A proposal to create and add treasury funds to a new Rari Fuse pool that allows lending and borrowing YAM was approved with YIP-77. This proposal was never implemented due to other more pressing issues. After further discussion, @THEVDM1, @Snake, and I, as well as other contributors, now believe that creating and providing treasury liquidity to this Fuse pool is a risk for the treasury. This is due to a lack of liquidity in our Sushiswap YAM/ETH pool, which would serve as the price oracle for the pool.
Before deploying funds to a YAM Fuse pool, we should work to shore up the liquidity in the YAM/ETH sushiswap pool.
Yam Fuse Pool Key Risks
It is clear that the YAM/ETH Sushiswap pool has been suffering declining liquidity over the past few months and as such it provides a much weaker oracle pricing point, which is acutely relevant to the proposed Fuse pool.
YAM/ETH pool quarterly liquidity
January 2021 $4,932,433 March 2021 $8,789,833 June 2021 $2,470,756 September 2021 $2,096,900 December 2021 $1,436,171 Now (January 2022) $1,046,178
With declining liquidity, price impact of trading has greatly increased and this is what attackers would use to their advantage: they have the ability to greatly influence price if they are reasonably well capitalised.
Slippage percentage on varying size USDC-YAM trades:
Trade Size Start Price End Price Price Move $100,000 $0.2833 $0.356 26% $500,000 $0.2833 $0.584 106% $1,000,000 $0.2833 $0.870 207% $5,000,000 $0.2833 $3.154 1013%
To illustrate the risk a simulated attack is described below:
Buy $1M of YAM (price up 106%)
Buy across its 3 markets to remove risk of arbitrageurs (Sushi, Huobi, Gate.io) (Optional)
Deposit YAM into Fuse as collateral
Buy another $5M YAM (price moves up 1013%) collateral now worth >$10M
Wait 15 minutes for the Fuse TWAP to trigger
Borrow 50% against this YAM collateral as USDC and other tokens ($5M) at the artificially inflated price.
Sell $5M YAM price back to where it was before the large buy (collateral now $1M) but debt remains at $5M
Liquidator bots don’t have enough time to liquidate to retain pool solvency so the pool is effectively drained. Attacker forfeits collateral of $1M but walks away with $5M pool borrowings netting $4M
All of this can be achieved in less than 20 minutes, giving the few YAM whales any opportunity to sell the artificially high price down.
Fuse Liquidator Bots also suffer from low YAM/ETH liquidity:
It is also worthwhile mentioning that liquidator bots would need to buy YAM in order to liquidate undercollateralized borrowers, and high slippage in doing so is a problem.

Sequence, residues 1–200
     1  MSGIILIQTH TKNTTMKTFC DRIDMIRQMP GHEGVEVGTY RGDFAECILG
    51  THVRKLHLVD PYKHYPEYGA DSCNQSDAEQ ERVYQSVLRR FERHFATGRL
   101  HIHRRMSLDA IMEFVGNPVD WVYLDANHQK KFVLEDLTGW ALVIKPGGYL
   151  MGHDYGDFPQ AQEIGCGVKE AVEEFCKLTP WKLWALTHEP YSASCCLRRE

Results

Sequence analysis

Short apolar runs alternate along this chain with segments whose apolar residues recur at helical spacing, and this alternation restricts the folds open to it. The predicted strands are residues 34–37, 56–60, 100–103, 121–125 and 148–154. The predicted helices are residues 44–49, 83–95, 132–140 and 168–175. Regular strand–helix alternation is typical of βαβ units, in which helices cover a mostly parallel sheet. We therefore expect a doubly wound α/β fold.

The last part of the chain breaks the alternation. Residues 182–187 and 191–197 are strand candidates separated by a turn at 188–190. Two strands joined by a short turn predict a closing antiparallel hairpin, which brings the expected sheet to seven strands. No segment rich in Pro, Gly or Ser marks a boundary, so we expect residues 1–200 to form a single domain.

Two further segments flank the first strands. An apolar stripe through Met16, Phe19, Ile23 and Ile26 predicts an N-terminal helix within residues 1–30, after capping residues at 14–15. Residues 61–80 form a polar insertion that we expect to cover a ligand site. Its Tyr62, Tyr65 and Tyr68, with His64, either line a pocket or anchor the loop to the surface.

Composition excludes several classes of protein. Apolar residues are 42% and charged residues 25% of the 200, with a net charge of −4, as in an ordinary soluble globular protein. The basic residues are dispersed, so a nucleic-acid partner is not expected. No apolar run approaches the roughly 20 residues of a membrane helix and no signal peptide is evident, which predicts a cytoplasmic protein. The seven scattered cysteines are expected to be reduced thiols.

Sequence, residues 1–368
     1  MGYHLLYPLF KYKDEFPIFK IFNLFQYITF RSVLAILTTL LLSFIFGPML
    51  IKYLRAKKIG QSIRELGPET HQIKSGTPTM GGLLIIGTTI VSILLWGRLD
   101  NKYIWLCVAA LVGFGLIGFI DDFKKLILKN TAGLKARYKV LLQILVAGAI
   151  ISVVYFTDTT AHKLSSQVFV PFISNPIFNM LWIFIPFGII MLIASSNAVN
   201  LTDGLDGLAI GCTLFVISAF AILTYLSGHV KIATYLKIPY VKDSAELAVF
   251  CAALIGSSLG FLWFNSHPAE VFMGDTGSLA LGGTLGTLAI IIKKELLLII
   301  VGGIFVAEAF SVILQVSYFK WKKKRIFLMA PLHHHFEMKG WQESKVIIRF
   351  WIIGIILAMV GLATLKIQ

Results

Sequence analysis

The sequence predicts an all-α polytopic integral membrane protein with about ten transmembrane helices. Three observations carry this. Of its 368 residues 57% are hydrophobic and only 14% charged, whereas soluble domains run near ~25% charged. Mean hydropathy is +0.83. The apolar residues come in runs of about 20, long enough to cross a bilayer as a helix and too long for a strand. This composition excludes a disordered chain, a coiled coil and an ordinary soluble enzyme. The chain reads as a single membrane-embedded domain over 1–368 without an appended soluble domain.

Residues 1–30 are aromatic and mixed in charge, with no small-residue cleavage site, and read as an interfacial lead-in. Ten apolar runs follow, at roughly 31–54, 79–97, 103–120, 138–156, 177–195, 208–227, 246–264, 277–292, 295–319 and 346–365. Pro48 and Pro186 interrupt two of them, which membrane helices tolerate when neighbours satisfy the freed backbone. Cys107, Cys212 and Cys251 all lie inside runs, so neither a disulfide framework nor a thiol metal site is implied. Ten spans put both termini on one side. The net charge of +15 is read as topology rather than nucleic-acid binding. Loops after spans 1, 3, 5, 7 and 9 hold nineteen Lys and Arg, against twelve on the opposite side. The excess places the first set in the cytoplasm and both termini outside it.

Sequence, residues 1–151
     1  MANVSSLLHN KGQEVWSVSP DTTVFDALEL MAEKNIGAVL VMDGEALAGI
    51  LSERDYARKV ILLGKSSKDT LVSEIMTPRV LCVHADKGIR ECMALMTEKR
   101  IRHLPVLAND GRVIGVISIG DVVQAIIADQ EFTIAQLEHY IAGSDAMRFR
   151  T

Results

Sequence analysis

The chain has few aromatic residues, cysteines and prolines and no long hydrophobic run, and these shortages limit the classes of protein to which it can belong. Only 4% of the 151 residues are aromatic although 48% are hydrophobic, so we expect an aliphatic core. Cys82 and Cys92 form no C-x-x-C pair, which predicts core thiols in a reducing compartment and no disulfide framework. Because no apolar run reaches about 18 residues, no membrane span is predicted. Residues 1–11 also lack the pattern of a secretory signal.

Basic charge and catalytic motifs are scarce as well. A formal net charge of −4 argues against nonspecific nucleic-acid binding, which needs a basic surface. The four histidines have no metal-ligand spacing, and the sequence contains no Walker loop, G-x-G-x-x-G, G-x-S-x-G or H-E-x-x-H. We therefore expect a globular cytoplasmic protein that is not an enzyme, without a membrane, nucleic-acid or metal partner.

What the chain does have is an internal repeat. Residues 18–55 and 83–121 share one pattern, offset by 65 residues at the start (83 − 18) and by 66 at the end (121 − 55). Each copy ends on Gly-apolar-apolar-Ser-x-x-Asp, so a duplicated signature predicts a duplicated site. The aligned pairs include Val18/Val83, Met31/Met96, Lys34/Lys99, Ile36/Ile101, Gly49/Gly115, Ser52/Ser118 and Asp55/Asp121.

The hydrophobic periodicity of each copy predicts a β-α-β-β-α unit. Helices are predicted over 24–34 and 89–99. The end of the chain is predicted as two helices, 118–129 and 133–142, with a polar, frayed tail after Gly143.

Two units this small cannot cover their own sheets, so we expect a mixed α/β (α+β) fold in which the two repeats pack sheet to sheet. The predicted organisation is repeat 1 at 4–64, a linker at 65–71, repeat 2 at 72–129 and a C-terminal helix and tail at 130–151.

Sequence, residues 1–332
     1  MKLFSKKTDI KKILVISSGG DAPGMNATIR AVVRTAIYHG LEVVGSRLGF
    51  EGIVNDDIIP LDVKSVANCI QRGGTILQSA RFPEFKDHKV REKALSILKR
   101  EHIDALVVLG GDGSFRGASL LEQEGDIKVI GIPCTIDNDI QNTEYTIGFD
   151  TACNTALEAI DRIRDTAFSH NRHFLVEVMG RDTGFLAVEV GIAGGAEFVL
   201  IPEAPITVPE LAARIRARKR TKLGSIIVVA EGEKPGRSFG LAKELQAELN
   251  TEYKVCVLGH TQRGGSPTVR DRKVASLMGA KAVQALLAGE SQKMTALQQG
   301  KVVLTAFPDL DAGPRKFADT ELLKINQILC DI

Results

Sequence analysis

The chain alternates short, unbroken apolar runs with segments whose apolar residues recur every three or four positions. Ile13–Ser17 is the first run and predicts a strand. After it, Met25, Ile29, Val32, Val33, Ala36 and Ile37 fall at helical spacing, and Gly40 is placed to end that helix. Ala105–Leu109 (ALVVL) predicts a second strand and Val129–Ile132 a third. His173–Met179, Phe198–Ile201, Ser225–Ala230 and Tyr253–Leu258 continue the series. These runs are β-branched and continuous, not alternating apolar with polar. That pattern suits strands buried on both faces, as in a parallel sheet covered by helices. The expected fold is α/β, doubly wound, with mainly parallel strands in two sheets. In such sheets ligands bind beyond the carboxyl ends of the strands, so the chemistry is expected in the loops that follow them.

If a user deposits $200k USDC into Fuse to borrow $100K YAM (to farm with/or go short) that would mean that if that borrower was liquidated a liquidator would have to buy $100K YAM on the open market to return to Fuse in order to claim the defaulters collateral for the liquidator reward. The liquidator reward needs to be set very high to make this economically feasible for the liquidator as the YAM buy alone moved the market price up 26%. And if the liquidator reward is set below this amount such as 5-15% (typical liquidation reward level) this causes a problem as liquidators have no incentive to liquidate (who would pay 26% above liquidation TWAP to earn 5-15%?) leaving a pool with poor liquidation bot coverage. This rewards can be set higher (e.g liquidation reward of 35%) but then borrowers are taking on more and more risk to borrow, decreasing the attractiveness of the pool to borrowers.
- Various protocols suffered such attacks in 2021. Venus & Cream are good examples.
- Venus’s attack used no flash loan so is the more relevant of the two
- The deeper the Yam liquidity the more capital you need to manipulate the market. Our liquidity is already too low to safely avoid this kind of attack and it is declining (becoming even easier to influence price)
- If the Fuse pool is low liquidity yes there is less incentive to drain it but it is still entirely possible.
Money markets such as Fuse are gas intensive. This prices out smaller users. Gas analysis is done below to prove the point that even if we were to deploy this pool, the user base would be limited to sizable borrowers/lenders only. If the liquidity issue is to be addressed above it is recommended that a whitelisted Fuse fork: Markets.xyz is used on Polygon/Fantom (current deployments) to recreate the pool and its parameters in the future.
*Rari Fuse is also launching on Arbitrum imminently
Units of GAS needed to call Fuse related functions
Action Units Gas Approval/Allow Collateral 50,000 Mint collateral token 225,000 Redeem collateral token 250,000 Borrow token 300,000 - 435 000 Repay token debt 200,000
Round trip of deposit, borrow and repay will cost around 1,145,000 units of Gas. Assuming ETH of $2500 and 100 Gwei that’s $286. When ETH was at it’s recent ATH of $4800 this was $550.
Do not launch the YAM Fuse Pools initially planned as the low liquidity of the YAM/ETH pool imposes too much risk for the utility the pool would have given users.
- Risk of attack through price manipulation causing a loss in treasury assets and user funds
- Risk of poor liquidation bot coverage due to high price impact on liquidating large borrowers
- Utility constrained by gas intensive functions required to use the pool
Thanks to @THEVDM1 for this very thorough write-up.
There is little that needs to be done to implement this proposal. No further work will be done on the Fuse Pools and no funds will be transferred until a new snapshot vote supercedes this one. In the mean time, contributors should continue to consider ways to improve the liquidity in our YAM/ETH pool.
Poll to Measure Sentiment
Snapshot vote has been posted: Snapshot
Vote ends February 7th at 00:00 UTC (midnight)